Site Records


Site Name: Fort Southwick

James Callaghan Drive
Portsmouth, Hampshire
OS Grid Ref: SU628069

Sub Brit site visit 3rd December 2002

[Source: Nick Catford with text on Palmerston Forts on Portsdown Hill by Linda Evans]

Several generations of Portsmouth people have given the nickname "Palmerston's Folly" to the Victorian forts on Portsdown Hill. The forts on the crest of the hill overlooking the town and harbour face inland and to some people look the wrong way. The development of new armaments plus the perceived threat of invasion led Prime Minster, Lord Henry Palmerston, to commission a revue and implement new defences to strengthen Portsmouth and the surrounding area. If there was an attack on Portsmouth from the north, none of the existing fortifications would be able to protect the dockyard and harbour against bombardment from Portsdown Hill.


The Royal Commission received its instruction in August 1859, that it should begin work by considering the defence of Portsmouth. The report was submitted in 1860, the recommendations were:

1 To prevent landing from the enemy on the Isle of Wight
2 Protection of the anchorage at Spithead.
3 Defence of the Needles passage
4 Protection of the harbour mouth
5 The land defences

These were divided between the Gosport defences and the hill forts.

The War Department purchased the necessary acreage along Portsdown Hill from the Lord of the Manor. Approximately 900 acres were taken over completely and clearance rights were obtained for another 1000 acres.

The Royal Engineers were responsible for the basic design of the hill forts, with Colonel, later Lieutenant General, Sir W. R. Drummond Jervois RE in charge. The design was that they should be surrounded by a deep ditch on the west, north and east sides. Access being gained from ramps down to the bottom of the ditches from the fort entrances on the south side at the back of the fort. There was also a dry moat with varied depth from 40 - 60 feet and width from 30 - 70 feet around the five forts.

The escarp is about 10 - 15 feet thick backed by earthwork and surmounted by a rampart. The platforms on the inner side of the rampart were for additional guns firing over the parapet. On the south side, two storey accommodation was living quarters for about 250 men; there was also married quarters for twelve soldiers.

Photo:The east entrance
Photo by Nick Catford

There were single storey rooms and a stable on either side of the barrack block. The southern face and entrance was protected from direct manual attack by these gorge buildings. The walls had loopholes for rifle fire. Underground tunnels went from the barrack block to the caponiers in the moat. The barrack block walls were 4 - 5 feet thick with a thick reinforced concrete roof.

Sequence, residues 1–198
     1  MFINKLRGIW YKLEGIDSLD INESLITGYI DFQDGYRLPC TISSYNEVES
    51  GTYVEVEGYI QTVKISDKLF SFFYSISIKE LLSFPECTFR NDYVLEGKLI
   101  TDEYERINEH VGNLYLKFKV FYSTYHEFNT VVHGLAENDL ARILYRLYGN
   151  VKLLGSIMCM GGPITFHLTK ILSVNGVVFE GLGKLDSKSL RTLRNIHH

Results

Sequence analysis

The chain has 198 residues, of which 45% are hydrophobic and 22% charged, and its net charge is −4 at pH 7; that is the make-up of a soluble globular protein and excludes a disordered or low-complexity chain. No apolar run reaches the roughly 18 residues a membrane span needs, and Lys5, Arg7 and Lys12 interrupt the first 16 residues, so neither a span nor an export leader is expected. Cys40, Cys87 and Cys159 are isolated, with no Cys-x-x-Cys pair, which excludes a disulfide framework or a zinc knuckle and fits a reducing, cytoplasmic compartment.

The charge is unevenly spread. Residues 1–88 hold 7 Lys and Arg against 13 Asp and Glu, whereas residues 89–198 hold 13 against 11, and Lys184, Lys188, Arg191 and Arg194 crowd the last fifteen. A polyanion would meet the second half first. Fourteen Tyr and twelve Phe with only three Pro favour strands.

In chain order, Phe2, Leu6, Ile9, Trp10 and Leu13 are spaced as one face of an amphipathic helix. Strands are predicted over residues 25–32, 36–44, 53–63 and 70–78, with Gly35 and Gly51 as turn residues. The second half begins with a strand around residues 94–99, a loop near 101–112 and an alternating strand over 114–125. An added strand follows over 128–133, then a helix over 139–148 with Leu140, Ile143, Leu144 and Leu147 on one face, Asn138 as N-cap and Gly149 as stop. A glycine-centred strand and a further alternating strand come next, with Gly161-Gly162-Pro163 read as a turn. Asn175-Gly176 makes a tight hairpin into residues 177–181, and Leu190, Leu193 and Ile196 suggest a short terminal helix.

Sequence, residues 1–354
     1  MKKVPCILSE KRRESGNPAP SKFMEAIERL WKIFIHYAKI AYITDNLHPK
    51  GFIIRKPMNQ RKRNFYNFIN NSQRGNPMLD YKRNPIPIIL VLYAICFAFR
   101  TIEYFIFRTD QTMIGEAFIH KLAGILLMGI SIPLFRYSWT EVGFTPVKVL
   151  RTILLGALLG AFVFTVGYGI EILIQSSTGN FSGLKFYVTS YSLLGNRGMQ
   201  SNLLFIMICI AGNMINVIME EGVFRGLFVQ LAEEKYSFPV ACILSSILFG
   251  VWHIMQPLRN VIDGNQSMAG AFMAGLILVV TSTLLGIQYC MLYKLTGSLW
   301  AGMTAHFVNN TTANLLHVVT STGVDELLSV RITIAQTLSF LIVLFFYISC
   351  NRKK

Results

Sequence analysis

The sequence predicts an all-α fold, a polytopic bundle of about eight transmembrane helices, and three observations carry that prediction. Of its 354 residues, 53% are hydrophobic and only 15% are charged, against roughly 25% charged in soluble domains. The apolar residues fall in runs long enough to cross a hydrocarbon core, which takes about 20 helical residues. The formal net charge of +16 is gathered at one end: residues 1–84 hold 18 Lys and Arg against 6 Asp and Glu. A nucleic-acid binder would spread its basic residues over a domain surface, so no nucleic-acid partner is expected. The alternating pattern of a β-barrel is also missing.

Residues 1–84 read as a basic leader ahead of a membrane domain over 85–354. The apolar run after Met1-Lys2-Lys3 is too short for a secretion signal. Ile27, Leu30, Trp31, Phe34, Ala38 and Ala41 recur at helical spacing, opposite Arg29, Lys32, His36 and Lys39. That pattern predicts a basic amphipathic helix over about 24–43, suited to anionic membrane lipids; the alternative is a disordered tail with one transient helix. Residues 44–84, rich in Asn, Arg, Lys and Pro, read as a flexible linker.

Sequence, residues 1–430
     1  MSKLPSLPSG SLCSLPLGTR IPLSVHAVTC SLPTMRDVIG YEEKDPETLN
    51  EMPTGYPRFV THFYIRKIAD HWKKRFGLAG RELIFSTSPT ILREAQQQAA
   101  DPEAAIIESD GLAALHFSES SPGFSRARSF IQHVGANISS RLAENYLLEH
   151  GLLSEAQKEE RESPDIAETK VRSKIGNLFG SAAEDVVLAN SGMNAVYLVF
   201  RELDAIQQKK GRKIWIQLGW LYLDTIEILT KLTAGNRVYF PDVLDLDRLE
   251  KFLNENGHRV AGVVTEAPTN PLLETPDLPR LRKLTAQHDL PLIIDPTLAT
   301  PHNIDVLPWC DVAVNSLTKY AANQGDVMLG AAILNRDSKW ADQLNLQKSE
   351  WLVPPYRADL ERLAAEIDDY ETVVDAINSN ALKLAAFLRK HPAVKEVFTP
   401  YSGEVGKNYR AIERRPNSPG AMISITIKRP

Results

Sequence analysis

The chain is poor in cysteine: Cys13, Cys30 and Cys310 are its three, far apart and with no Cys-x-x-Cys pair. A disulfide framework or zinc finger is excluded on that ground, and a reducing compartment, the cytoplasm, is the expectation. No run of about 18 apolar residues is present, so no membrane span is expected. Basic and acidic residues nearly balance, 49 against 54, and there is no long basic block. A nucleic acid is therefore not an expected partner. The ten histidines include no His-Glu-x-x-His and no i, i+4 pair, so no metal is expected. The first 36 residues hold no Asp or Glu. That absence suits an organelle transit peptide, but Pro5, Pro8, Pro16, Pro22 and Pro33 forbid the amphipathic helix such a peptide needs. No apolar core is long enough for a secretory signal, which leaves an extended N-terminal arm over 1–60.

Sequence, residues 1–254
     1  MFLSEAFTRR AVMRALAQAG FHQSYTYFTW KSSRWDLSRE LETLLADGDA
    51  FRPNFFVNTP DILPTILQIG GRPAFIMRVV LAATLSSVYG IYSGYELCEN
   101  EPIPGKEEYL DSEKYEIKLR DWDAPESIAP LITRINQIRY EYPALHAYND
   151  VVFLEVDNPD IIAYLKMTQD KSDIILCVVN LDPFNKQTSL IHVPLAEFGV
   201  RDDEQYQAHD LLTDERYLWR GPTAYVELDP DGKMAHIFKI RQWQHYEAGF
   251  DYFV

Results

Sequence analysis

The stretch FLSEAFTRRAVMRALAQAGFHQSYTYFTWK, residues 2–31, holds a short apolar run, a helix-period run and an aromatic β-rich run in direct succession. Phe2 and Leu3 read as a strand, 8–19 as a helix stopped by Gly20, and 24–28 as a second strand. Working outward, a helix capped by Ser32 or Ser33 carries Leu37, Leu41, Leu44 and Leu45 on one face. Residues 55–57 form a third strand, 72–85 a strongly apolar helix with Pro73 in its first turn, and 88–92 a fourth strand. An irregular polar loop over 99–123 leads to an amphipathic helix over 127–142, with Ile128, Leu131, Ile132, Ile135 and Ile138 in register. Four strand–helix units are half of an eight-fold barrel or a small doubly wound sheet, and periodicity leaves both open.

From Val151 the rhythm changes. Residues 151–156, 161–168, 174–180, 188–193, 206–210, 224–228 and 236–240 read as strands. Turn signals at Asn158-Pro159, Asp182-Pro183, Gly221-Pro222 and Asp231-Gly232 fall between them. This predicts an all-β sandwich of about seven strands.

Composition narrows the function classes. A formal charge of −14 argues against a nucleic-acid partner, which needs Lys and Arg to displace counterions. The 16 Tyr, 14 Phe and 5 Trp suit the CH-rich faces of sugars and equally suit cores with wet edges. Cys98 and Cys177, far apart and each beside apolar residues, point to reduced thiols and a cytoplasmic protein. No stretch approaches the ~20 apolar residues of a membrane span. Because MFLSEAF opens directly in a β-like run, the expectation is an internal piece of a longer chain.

The five forts were Fort Wallington, (completed in 1865), Fort Southwick, (1870), Fort Purbrook, (1870), Fort Nelson, (1871), & Fort Widley.

A military road was built along the crest of the hill, passing behind the forts on the south side; this then enabled good communications between them.

Construction of Fort Southwick started in 1861 and was completed by 1870, along with Fort Nelson it was designed to house a larger compliment of men in an inverted 'U' shaped barrack block in the centre of the gorge. Its dry ditch is revetted on the scarp with the counterscarp in brick and flint. It has one full caponier at the north projection to defend the ditch with two smaller demi caponiers at the shoulders. A small musketry gallery crosses the ditch at the south west angle to cover a minor branch of the ditch. Behind the demi caponiers and set into the rampart are mortar batteries of five mortars each.

Plan of the upper level of the fort
Copyright Palmerston Forts Society

In 1893 the forts armaments were nine 64 pounder RML's (rifled muzzle loader), eight 7" RBL's, (rifled breech loader), two on Pattern II Moncrief disappearing mounts and six on wooden traversing platforms betweeen the 64 pounders on the flanks and six 8" RML Howitzers, (replacing the mortars which were never fitted) that could fire at an elevation of 45 degrees. These were not, however, emplaced in the mortar pits; three were on ground platforms at the salients and three more were on travelling carriages.

A central spiral stair from the parade ground gives access to the four main tunnels running from it radially. These lead to the barrack block and caponiers with stairs to the mortar batteries and chemain de ronde. The main magazine is located along the tunnel to the barrack block with a 'D' tunnel bypassing the magazine.

Plan of the middle level of the fort
Copyright Palmerston Forts Society

Fort Southwick occupies the high point of the hill and held the water storage tanks for the other forts, feeding them through a brick lined aqueduct.

The fort was disarmed in 1906 but was retained as a barracks. It was also used by the army to train soldiers how to capture and hold a fort. For three years after WW1 it became a demobilisation centre before being taken over by the Ordnance Survey (along with Fort Widley) as a cartographic training centre.

Plan of the lower level of the fort. Underground features and tunnels are coloured yellow
Copyright Palmerston Forts Society

For further information and photographs of Fort Southwick click here
..............................
Gallery 1 Entrance to the fort and the barrack block ...........
Gallery 2 The parade ground, dry ditch & Chemin de Ronde
Gallery 3 Victorian gun emplacements .................................
Gallery 4 Victorian tunnels, magazines and caponiers ..........
Gallery 5 Underground Combined Headquarters ................
Gallery 6 Underground Combined Headquarters ................
Paulsgrove Quarry - Underground radio station..................
1974 NATO Commcen
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[Source: Nick Catford]

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